Labour Market Notes

In-depth analysis of Alberta’s latest labour market data.

Latest Labour Market Notes

Download the complete report: Labour Market Notes (September 2018)
Published September 7, 2018 (PDF, 524 KB)

See below for highlights from the publication.

Alberta's employment surges ahead

Strong employment gains

  • After a pause in July, Alberta’s employment jumped by 16,200 in August.

Gains concentrated in the service sector

  • The monthly gain was concentrated in the service sector (+15,400) while employment in the goods sector (+700) held steady.
  • The gain in the service sector was led by business, building and other support services (+6,300), and professional, scientific and technical services (+4,700) which rebounded following a decline in July.

Majority of job growth in full-time

  • Full-time employment increased (+11,000) after declining in July, while part-time employment increased (+5,300) for the third month in a row.
  • Since the June 2016 low, full-time positions have accounted for 84,800 of the 94,000 job gains.

Rebound in the private sector

  • The monthly gain was driven by a surge in private sector (+31,800) employment, which reversed recent weakness.
  • This was mitigated by a decline in self-employment (-19,500) which retreated from a high.

Unemployment rate holds steady

  • The unemployment rate was unchanged at 6.7% as the employment gains were matched by an increase in the labour force.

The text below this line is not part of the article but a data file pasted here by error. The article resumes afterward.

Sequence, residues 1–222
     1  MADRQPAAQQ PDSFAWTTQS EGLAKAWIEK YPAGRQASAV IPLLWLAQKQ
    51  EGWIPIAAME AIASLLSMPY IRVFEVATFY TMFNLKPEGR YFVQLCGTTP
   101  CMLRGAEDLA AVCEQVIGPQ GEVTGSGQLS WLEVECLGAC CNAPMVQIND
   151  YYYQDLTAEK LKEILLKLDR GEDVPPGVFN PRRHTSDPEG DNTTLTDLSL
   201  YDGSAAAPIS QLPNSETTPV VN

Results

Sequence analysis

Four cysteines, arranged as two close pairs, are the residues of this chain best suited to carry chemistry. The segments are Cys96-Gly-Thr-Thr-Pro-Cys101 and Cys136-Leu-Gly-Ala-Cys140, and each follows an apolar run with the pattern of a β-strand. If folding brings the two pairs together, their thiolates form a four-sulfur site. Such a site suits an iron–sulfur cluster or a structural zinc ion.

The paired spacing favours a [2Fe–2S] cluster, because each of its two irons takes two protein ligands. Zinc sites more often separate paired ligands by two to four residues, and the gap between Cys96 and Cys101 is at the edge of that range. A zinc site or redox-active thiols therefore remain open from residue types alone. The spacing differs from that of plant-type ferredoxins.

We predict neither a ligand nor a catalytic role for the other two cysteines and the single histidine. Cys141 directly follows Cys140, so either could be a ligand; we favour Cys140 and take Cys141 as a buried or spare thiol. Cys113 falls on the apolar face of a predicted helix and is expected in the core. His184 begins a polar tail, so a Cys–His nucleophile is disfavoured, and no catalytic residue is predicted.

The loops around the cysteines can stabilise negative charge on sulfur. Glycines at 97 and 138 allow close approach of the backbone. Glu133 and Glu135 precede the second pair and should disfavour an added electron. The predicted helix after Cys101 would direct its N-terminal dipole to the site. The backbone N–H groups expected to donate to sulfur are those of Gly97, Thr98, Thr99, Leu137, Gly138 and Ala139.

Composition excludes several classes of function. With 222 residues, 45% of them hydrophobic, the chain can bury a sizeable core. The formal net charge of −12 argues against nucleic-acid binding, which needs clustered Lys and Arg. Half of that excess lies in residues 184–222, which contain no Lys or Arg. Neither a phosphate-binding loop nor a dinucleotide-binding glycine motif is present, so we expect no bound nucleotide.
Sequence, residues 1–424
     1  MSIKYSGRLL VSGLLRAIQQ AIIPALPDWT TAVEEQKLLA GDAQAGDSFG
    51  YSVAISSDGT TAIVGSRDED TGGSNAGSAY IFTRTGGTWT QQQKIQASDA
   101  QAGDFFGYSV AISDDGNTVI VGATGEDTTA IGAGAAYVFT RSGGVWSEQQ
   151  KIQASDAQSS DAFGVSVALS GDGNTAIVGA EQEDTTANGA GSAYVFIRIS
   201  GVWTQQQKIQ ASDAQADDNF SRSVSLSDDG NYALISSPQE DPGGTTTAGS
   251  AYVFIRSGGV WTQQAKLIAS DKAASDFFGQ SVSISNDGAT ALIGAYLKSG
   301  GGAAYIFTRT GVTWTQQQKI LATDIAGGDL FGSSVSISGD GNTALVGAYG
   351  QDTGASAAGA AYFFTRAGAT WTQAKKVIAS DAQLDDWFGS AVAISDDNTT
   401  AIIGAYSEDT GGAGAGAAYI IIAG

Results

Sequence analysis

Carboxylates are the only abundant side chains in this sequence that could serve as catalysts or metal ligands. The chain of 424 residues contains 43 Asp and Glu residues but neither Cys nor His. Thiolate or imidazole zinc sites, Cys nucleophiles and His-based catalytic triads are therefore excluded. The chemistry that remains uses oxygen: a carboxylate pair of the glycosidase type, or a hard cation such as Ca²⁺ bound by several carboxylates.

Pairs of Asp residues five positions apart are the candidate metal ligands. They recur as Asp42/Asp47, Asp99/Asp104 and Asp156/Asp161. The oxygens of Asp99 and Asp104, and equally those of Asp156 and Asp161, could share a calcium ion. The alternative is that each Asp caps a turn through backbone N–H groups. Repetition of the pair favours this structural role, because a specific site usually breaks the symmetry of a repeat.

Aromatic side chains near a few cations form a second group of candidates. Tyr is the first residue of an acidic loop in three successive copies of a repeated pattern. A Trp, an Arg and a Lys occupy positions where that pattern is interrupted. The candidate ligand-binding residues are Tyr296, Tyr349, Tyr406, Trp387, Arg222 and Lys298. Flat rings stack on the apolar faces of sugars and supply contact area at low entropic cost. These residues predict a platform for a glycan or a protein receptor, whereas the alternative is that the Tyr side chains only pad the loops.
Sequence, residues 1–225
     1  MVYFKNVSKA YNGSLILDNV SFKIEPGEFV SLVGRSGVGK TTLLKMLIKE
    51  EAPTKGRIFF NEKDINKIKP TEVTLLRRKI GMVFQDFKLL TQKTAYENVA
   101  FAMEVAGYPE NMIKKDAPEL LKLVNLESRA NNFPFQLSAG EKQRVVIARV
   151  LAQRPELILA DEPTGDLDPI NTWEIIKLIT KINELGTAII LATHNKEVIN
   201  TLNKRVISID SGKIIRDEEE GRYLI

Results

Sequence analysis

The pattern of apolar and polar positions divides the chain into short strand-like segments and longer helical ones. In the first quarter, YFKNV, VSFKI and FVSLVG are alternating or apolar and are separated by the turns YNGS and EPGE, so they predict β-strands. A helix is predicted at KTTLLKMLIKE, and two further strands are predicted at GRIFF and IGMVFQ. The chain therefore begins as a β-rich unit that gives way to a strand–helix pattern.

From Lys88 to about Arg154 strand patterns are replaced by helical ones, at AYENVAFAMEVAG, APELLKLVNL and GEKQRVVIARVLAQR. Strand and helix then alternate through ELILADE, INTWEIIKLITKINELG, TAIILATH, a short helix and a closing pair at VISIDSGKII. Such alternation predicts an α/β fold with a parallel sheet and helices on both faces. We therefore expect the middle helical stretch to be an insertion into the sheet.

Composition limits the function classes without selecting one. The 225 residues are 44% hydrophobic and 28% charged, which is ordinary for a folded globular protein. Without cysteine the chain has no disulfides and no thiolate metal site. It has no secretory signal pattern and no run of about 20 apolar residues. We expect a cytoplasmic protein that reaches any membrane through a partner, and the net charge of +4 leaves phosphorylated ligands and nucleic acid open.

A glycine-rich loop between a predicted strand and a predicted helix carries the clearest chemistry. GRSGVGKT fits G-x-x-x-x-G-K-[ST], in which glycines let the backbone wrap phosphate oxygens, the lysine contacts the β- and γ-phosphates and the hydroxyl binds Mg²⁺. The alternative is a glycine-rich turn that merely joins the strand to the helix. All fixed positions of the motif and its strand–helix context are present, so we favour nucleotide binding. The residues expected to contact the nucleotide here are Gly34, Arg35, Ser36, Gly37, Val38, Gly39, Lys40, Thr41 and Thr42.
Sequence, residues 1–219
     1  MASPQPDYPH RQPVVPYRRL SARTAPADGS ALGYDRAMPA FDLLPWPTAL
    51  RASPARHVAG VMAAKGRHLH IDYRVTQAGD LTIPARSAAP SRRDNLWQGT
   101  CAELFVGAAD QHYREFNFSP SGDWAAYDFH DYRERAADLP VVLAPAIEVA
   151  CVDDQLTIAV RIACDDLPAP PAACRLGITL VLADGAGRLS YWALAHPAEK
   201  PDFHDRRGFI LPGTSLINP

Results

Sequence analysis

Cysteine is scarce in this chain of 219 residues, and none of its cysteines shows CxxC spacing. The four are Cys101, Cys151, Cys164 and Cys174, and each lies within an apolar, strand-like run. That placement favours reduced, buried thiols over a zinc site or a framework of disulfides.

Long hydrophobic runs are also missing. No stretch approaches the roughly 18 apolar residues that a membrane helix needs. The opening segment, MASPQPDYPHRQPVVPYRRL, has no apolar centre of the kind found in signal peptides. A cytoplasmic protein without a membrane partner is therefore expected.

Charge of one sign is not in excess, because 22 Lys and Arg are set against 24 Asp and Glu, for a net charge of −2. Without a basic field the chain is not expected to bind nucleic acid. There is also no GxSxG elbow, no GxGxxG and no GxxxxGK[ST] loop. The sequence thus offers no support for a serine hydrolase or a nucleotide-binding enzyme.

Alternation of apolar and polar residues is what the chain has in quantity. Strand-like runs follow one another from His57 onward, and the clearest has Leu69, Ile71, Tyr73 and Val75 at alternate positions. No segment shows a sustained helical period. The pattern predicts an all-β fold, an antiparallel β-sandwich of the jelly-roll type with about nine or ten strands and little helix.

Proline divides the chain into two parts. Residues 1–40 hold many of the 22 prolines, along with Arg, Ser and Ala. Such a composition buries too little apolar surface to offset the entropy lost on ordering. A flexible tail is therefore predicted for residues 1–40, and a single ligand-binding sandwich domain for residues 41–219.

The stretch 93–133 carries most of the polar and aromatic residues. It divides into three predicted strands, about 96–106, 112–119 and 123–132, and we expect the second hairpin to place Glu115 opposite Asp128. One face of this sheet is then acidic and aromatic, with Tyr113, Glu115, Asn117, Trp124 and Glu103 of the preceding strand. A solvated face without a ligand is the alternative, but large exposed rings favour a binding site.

• The labour force grew as the participation rate jumped 0.4 percentage points to 72.1%, a 7 month high.

Solid year-over-year job growth

  • With the monthly increase, employment was up 53,200, or 2.3%, year-over-year.
  • This was the third highest annual growth among the provinces and higher than the Canadian rate of 0.9%.

Broad-based employment growth

  • Over the last year, employment in both the goods-producing (+18,900) and service (+34,300) sectors have grown, with 12 of the 16 industries expanding.

More balance gains

  • With strong monthly gains in the private sector and a pullback in self-employment, job gains have become more balanced.
  • Employment in both the private (+24,300) and public (+11,100) sector and self-employment (+17,900) have all increased over the last 12 months.

Earnings slip

  • Average weekly earnings (AWE) fell 0.2% in June to $1,143.
  • Compared to a year ago, they were up 0.7%.

Chart 1: Employment growth by province
Year-over-year % change - August 2018 vs. August 2017

Employment growth by province, year-over-year % change. Source: Statistics Canada.
Source: Statistics Canada

Labour InSight

The "Labour InSight" section covers a labour market topic in more detail.

Download the complete report: Labour InSight (September 2018)
Published September 7, 2018 (PDF, 524 KB)

See below for highlights from the publication.

Immigrants in the Alberta labour market

Statistics Canada provides data on 2 classifications of the labour population: those born in Canada and landed immigrants, which comprises naturalized citizens or permanent residents of Canada. This labour market InSight highlights some labour trends for immigrants in Alberta.

Strong growth in immigrant population